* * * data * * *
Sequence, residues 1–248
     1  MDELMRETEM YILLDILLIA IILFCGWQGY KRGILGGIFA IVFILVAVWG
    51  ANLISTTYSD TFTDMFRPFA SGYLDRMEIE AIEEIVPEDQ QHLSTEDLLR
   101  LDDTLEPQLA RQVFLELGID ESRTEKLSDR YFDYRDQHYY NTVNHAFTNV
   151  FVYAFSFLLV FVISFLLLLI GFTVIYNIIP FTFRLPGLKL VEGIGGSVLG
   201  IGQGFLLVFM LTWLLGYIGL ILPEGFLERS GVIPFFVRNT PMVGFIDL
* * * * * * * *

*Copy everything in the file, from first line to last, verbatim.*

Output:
Sequence, residues 1–248
     1  MDELMRETEM YILLDILLIA IILFCGWQGY KRGILGGIFA IVFILVAVWG
    51  ANLISTTYSD TFTDMFRPFA SGYLDRMEIE AIEEIVPEDQ QHLSTEDLLR
   101  LDDTLEPQLA RQVFLELGID ESRTEKLSDR YFDYRDQHYY NTVNHAFTNV
   151  FVYAFSFLLV FVISFLLLLI GFTVIYNIIP FTFRLPGLKL VEGIGGSVLG
   201  IGQGFLLVFM LTWLLGYIGL ILPEGFLERS GVIPFFVRNT PMVGFIDL